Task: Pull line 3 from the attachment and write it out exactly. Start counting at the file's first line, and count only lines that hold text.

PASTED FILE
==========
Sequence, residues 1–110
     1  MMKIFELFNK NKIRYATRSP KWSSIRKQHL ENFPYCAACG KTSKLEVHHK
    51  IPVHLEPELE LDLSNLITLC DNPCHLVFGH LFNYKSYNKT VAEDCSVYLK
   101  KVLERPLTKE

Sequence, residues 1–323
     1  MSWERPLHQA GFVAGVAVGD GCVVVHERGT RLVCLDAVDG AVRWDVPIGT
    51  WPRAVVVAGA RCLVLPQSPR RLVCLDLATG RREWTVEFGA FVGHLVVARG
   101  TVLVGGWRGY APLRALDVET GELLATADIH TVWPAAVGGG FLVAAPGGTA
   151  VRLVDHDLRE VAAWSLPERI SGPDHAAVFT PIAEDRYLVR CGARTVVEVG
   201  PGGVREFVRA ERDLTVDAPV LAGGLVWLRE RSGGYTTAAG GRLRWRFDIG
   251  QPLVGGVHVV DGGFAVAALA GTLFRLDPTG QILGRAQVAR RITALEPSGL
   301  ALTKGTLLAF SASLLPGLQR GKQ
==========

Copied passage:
    51  IPVHLEPELE LDLSNLITLC DNPCHLVFGH LFNYKSYNKT VAEDCSVYLK